But I had high hopes coming into his latest album, Gotta Be Me.
“Grass Stains” is the second song and is another fun song. It’s a song that’s essentially about “a roll in the hay” where Johnson suggests that they get some grass stains on a girl’s pretty sundress. It’s once again very fiddle and steel guitar driven, however, lyrically, there’s nothing particularly stand-out about the song. It’s enjoyable, but far from the best this album has to offer.
It’s with track three where the album begins to turn itself into something a bit more special with its first single “With You I Am.” This is a great ballad where Johnson sings about how he feels he’s never been much feels special and unique in the arms of the woman who loves him. “I used to poke fun at them punch-drunk lovers, never thought I’d be that man, but with you I am.” It’s not a wholly original concept for a song, but it’s been a while since it’s been done this well.
On “Half a Song,” the narrator sings about how it’s amazing how much can happen during the time frame of half of a song. It’s a cool song with a great country-dance beat.
“The Only One I Know (Cowboy Life)” is, to my mind, the best song on the album and up there with one of my favorite songs of the year so far. It’s a song about the life of a loner who spends his life on the road as a rodeo cowboy. Rodeo songs have become less almost non-existent in recent years, but this is a song that would do George Strait and Garth Brooks proud. “I ride and I fall, one day I might win ‘em all, it’s just broken hearts and broken bones and a helluva whole lot of bein’ alone, but I ride and I roam, where I hang my hat is home, this cowboy life might kill me but it’s the only one I know.”
“Walk Away” is a co-write with Randy Rogers and almost feels like a male version of Dolly Parton’s “Jolene” where a man asks the other man whom his lover is cheating with to walk away. It’s sung from a unique perspective and feels genuine. “There’s nothing you can say or do to me to prove to me she’s not worth a second chance” Johnson sings in the second verse.
“Kiss Goodbye” shows that spoken word can be properly used in a country song. It doesn’t overtake the whole song, but instead, kicks off each verse while leading into singing. In the song, Johnson sings about the pain of leaving the woman he loves because he has things he has to do. What these things are are never specified and he admits that they aren’t more important than her but that there are just some things that have to be done.
“Chain Drinkin’” moves back to Johnson having some fun doing some chain drinking. It’s not a particularly special song, but I imagine it’s a lot of fun to hear live to really get his fans into the show and it’s easy to enjoy the song.
“Wild As You” compares the narrator’s lover to the wild things in nature. It feels like a bit of a list song, and it’s been done many times before, but Johnson’s delivery keeps the song enjoyable.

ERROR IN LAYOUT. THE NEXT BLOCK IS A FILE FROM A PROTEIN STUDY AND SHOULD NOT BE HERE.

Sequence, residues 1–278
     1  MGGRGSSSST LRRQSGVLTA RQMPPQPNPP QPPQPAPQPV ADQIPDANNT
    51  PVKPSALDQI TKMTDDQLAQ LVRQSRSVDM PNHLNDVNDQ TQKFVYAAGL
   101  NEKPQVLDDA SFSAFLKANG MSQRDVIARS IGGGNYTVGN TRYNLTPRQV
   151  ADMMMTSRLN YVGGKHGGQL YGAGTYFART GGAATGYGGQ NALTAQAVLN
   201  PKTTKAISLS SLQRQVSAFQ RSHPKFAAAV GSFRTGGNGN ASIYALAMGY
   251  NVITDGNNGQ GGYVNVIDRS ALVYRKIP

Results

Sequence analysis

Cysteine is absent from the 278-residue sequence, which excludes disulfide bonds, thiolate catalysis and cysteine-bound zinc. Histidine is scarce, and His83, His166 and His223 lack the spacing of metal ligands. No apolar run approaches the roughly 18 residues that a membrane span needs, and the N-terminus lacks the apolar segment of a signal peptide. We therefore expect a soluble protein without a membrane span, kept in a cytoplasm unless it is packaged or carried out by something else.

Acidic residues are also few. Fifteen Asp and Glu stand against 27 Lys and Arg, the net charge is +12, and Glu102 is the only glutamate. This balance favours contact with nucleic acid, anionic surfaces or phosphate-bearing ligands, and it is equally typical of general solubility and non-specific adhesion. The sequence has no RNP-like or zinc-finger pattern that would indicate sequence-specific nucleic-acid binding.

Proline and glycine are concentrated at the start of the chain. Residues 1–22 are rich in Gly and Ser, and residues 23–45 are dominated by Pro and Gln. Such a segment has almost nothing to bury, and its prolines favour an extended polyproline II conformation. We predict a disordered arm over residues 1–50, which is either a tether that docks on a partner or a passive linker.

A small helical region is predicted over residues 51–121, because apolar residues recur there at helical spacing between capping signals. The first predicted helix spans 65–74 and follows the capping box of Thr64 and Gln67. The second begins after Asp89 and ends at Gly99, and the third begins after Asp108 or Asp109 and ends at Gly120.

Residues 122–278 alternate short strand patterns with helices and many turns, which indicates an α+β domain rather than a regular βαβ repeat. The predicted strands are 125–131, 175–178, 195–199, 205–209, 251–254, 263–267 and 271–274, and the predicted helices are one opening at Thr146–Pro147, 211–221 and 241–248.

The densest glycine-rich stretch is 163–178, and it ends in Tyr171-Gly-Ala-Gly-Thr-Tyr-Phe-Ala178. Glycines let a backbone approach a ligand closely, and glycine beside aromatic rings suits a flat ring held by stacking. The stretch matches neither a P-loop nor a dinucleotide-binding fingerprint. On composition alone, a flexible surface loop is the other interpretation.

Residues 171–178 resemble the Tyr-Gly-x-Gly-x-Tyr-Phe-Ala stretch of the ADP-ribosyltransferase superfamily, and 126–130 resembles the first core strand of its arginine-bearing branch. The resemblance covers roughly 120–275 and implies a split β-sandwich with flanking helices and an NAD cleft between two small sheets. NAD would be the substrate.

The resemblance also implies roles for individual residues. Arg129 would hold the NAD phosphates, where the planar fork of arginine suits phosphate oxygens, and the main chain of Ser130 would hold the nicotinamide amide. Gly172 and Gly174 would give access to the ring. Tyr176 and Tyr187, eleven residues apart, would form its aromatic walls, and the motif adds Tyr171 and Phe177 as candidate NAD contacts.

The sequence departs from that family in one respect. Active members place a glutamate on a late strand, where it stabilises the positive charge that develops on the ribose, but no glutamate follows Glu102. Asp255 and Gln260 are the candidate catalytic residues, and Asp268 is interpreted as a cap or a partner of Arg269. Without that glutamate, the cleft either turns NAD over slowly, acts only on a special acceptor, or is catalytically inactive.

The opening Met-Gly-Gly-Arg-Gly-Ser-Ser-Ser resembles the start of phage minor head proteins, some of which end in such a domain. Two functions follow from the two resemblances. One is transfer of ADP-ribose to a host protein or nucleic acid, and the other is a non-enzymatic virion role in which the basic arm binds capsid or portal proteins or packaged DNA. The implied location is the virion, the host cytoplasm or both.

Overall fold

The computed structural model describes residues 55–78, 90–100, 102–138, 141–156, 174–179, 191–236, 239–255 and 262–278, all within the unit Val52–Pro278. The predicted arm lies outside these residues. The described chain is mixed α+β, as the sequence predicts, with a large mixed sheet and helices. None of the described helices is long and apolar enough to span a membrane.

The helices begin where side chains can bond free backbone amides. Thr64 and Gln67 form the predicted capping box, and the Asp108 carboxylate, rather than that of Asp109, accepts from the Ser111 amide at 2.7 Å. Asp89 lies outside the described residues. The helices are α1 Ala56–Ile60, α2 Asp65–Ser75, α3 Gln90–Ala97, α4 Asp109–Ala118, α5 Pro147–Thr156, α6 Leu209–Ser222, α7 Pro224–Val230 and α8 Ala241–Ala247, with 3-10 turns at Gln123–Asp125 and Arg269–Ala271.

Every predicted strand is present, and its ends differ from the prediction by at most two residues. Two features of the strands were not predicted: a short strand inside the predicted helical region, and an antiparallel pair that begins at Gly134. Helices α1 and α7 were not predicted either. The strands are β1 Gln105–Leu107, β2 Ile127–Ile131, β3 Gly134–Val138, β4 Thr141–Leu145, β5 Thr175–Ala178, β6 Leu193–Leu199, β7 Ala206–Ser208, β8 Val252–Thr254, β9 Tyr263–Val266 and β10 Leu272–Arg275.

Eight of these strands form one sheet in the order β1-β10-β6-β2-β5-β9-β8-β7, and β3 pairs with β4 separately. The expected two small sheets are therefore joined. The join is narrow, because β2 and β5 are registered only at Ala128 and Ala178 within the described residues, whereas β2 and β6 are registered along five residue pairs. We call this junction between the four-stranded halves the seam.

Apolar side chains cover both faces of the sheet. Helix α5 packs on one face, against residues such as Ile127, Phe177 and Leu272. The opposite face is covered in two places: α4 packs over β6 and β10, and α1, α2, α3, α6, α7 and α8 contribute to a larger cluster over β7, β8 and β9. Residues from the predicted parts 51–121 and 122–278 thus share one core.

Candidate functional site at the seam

“I Know My Way Back (Clara’s Song)” is a song which I can only assume is written for his daughter given that it is published under “Clara’s Daddy’s Publishing” and he is the sole writer on the song. In the song, Johnson sings about how “she don’t mind me leaving her behind me because she knows I know my way back.”
“Billy’s Brother” returns to another country-rocker and plays on the line that “if you’re gone fight Billy you’re gonna have to fight his brother.” Like “Chain Drinkin’” There’s not much substance to the song, but there’s plenty of substance on the rest of the album to go around. I enjoy a couple of songs on an album that are worth rolling the windows down and turning the speakers up.
“Every Scar Has a Story” is another great song and is my second favorite song on the album after “The Only One I Know.” “Every scar has a story – just ask my heart.” It’s a song about the pain of the narrator losing someone he loves. It’s a beautifully done song and works great with the rest of the album.
“I Ain’t Going Nowhere Baby” is a song where the narrator sings that no matter what, he’s not going anywhere – he’s in the relationship for the long haul and the relationship just continues to grow stronger.
The album ends with a spiritual song, “I Can’t Even Walk (Without You Holding My Hand).” It provides a strong finish to a very strong album.
Now, I normally don’t comment on what’s not on an album (kind of a difficult thing to do), however, one disappointment I had was that a song I heard Johnson perform in the past year (I believe called “This Lonely Bed”) is not on the album – I’d love to hear a studio version of that song.
The album is heavy on fiddle and steel guitar throughout and Johnson’s strong voice and delivery makes even the average songs on the album more than enjoyable. I’m highly impressed with the album and definitely recommend giving it a listen.